Both the West and China are pouring billions of dollars into fast-tracking vaccines. India’s investment is minuscule in comparison.
This is from The Intersection column that appears every other Monday in Mint.
The first country to have full immunity to the coronavirus will enjoy a tremendous economic and geopolitical advantage, a once-in-a-century window of opportunity till other countries catch up. As much as the covid-19 pandemic is accepted as a challenge for all humanity, realism— that dismal but unfortunately accurate way of reading international relations—suggests that countries which acquire the vaccine first will be tempted to use this relative advantage to promote their national interests.
So it matters who gets to the vaccine first. India cannot afford to be a have-not, both for reasons of public health and to safeguard its strategic interests.
If there was ever a clear and present danger that confronted the human species as a whole, it is now. It should follow then that the world should set aside political differences and work together to defeat the virus. Vaccines and drugs should be made universally available as soon as they are invented. Yet, there is no sign that this would be the case.
At home, our domestic politics is as partisan as ever, communal tensions abound, and there is no attempt to build social harmony. On the international front, China has moved aggressively in Hong Kong as well as the South China Sea, and has escalated military tensions with India in the Himalayas. The US is pursuing a sharp, bipartisan “competitive approach” to China, upping the tech war, and scuttling arms control arrangements with Russia. Far from bringing the world together, the pandemic has merely sharpened the world’s political fault lines. This is not a time when we can count on international cooperation. India should be prepared to contest the geopolitics of vaccines.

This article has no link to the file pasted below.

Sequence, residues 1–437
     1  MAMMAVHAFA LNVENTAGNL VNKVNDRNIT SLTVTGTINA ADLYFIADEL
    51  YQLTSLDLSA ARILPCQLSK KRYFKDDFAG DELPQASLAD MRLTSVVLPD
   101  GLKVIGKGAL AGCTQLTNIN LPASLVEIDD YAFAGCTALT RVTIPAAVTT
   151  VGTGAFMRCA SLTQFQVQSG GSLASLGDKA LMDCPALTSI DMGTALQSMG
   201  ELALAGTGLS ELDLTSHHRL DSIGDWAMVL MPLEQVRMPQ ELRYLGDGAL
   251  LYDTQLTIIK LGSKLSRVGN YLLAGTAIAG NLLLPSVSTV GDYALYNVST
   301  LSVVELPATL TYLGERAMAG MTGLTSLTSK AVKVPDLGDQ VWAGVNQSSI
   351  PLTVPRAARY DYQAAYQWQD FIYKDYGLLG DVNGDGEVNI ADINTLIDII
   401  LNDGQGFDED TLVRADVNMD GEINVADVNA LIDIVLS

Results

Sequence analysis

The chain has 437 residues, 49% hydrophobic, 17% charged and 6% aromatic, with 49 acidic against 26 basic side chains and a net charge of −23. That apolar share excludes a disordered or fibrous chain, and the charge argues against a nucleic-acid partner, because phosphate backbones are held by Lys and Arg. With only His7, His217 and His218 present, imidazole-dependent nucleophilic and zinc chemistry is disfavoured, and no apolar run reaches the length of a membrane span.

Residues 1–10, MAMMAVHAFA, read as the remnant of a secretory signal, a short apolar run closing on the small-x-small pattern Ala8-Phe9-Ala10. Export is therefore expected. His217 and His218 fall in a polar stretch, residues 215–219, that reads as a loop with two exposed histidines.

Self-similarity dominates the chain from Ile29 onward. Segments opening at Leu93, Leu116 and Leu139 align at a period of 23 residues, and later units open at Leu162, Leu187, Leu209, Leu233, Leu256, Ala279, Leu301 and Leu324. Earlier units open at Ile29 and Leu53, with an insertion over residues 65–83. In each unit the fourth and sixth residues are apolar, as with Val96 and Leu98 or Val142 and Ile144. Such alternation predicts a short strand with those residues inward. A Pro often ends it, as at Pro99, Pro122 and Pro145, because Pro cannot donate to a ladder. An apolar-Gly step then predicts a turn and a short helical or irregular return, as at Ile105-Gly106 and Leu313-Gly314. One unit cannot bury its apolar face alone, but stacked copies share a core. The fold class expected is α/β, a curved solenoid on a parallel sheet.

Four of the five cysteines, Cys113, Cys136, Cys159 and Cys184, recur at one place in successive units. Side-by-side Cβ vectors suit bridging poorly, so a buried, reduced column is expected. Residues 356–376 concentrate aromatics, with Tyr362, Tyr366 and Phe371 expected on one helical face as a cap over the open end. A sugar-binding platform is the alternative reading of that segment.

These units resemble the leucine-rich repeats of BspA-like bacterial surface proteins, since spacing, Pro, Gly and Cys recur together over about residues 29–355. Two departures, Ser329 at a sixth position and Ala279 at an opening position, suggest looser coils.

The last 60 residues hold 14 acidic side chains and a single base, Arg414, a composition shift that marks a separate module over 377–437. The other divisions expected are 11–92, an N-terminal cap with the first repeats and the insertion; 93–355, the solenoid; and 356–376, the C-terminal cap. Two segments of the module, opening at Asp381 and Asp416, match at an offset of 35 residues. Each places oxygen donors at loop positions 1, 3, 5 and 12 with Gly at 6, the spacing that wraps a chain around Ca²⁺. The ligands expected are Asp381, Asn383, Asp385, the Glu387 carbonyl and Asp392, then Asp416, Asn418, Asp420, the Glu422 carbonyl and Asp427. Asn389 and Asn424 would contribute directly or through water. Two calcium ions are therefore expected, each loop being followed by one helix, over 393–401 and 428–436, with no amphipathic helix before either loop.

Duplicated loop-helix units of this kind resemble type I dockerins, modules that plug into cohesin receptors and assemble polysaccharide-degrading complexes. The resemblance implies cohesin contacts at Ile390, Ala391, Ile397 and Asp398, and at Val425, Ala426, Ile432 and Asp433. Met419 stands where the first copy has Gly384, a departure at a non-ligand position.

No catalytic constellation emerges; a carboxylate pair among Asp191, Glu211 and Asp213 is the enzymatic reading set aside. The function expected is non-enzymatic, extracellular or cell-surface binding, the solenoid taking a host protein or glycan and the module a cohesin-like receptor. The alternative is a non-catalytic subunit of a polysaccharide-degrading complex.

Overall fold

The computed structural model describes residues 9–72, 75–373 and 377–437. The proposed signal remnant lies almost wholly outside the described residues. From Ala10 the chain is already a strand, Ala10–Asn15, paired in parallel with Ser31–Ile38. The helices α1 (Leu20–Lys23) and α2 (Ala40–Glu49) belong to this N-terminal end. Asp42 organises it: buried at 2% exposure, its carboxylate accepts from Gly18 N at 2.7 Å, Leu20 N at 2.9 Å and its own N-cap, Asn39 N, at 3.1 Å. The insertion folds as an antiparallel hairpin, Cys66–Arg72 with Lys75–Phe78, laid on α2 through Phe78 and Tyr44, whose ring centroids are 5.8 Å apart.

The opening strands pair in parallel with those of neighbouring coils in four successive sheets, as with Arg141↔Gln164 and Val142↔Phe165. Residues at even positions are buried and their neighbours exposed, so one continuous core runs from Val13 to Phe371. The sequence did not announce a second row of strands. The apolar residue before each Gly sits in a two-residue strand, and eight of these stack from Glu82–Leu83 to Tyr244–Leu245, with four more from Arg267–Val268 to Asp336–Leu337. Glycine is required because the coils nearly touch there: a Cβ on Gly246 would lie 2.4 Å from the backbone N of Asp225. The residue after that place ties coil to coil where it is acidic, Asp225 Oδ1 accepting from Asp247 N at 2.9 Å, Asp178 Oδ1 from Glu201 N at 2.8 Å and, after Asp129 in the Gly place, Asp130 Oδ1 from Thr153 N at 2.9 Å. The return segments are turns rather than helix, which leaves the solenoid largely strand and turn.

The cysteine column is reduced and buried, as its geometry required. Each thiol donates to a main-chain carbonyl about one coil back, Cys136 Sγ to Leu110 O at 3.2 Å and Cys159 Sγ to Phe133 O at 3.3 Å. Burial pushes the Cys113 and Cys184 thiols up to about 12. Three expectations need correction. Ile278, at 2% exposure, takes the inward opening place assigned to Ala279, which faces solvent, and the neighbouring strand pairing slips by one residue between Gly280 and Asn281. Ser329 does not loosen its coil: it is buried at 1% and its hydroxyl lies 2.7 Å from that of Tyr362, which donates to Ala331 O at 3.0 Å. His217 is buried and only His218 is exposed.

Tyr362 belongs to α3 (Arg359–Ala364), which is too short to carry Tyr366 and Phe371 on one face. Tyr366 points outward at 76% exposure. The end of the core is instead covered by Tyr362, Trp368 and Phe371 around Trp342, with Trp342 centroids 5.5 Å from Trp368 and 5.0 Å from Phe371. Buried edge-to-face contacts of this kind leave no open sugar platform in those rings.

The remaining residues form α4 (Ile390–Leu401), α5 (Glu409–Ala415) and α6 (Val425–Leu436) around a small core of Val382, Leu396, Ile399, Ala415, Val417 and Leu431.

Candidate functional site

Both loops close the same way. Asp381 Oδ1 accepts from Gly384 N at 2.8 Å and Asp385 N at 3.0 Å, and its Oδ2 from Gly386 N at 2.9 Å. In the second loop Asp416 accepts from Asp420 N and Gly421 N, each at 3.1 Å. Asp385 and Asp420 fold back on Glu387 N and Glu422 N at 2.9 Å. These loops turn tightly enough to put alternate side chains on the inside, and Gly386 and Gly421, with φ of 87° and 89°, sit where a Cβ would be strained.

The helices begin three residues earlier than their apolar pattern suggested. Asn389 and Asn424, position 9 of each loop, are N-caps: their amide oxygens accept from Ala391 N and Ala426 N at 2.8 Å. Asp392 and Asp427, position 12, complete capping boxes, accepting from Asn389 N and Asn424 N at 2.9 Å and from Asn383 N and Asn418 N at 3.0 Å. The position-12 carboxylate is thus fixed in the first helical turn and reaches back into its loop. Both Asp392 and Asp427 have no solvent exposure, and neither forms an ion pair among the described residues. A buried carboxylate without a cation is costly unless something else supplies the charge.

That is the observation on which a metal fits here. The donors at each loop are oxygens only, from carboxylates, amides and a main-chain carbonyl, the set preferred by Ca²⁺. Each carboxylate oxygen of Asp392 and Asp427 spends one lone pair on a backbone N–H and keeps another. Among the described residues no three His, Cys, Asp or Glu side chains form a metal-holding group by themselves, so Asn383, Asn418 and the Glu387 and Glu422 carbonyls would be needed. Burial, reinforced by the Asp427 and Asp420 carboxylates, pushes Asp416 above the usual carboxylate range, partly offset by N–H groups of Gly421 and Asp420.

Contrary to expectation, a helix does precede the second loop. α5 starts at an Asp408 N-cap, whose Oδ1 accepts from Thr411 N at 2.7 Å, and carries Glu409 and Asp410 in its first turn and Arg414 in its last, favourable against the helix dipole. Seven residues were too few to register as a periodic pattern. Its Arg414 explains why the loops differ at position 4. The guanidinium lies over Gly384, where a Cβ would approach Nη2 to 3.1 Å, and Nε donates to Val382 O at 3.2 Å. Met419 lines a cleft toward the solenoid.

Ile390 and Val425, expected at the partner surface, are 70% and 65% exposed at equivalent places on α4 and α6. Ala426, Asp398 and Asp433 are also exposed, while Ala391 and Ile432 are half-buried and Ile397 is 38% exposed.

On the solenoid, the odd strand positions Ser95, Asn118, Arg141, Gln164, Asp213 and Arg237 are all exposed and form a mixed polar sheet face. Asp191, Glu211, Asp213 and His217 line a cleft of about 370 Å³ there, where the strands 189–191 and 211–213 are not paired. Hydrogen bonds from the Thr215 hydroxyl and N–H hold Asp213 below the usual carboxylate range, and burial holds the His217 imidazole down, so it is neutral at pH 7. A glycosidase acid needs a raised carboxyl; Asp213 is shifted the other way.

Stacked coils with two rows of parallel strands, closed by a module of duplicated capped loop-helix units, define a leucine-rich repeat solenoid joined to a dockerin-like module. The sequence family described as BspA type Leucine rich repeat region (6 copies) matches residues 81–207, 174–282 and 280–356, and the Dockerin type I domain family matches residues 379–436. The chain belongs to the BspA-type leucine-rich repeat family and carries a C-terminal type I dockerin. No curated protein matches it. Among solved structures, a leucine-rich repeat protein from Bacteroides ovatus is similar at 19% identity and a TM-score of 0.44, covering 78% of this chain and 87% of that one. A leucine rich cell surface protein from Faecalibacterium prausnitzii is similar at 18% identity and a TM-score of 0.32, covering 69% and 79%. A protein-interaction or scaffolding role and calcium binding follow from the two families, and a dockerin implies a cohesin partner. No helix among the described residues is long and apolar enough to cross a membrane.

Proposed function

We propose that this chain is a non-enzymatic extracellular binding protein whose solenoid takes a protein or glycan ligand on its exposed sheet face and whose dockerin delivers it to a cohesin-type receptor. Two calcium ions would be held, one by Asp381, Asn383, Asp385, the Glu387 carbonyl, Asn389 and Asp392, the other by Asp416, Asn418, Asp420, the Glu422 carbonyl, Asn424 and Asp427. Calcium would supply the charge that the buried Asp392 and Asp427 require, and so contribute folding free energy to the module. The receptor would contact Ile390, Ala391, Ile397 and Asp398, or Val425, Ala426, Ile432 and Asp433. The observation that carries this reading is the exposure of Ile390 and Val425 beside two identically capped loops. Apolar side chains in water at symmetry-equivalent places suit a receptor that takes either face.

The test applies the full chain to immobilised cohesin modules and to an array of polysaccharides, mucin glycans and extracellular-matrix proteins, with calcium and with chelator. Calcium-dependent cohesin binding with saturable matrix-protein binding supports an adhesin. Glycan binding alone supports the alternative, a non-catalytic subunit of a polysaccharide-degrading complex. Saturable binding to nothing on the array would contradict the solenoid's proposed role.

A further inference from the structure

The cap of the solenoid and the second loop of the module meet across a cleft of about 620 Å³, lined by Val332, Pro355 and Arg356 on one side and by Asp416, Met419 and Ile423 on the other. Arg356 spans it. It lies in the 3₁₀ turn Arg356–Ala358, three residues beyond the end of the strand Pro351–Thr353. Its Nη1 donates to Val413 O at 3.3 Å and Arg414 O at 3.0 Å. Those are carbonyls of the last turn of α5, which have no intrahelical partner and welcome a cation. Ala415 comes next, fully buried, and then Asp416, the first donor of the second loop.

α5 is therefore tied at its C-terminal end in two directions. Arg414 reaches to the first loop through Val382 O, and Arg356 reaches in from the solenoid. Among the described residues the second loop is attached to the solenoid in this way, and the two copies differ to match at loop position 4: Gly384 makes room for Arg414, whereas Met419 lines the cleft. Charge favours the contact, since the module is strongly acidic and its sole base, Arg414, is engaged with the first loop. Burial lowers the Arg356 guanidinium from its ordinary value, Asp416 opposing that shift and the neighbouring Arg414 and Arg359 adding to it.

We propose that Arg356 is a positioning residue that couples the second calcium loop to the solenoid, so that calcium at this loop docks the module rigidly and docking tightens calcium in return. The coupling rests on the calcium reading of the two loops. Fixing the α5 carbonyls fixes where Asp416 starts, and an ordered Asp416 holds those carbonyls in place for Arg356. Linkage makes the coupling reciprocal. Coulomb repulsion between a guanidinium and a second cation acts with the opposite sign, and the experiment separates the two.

The rancorous proceedings of last week’s World Health Assembly highlight the international divide. China, the European Union and a number of other countries—including India—proposed a resolution that, among other things, seeks to create a patent pool and relax intellectual property issues to enable “universal, timely and equitable access to and fair distribution of all… affordable essential health technologies”.
Xi Jinping promised to declare the vaccine a “global public good” once it is available, hinting that China would share it with all countries. This posturing is understandable, given that Beijing is facing global criticism for having caused the pandemic. The US, on the other hand, dissociated itself from parts of the resolution that weakened intellectual property rights. Tempting as it is to make a moral judgement on their respective positions, it is clearly national interest—rather than moral sentiment—that is at play.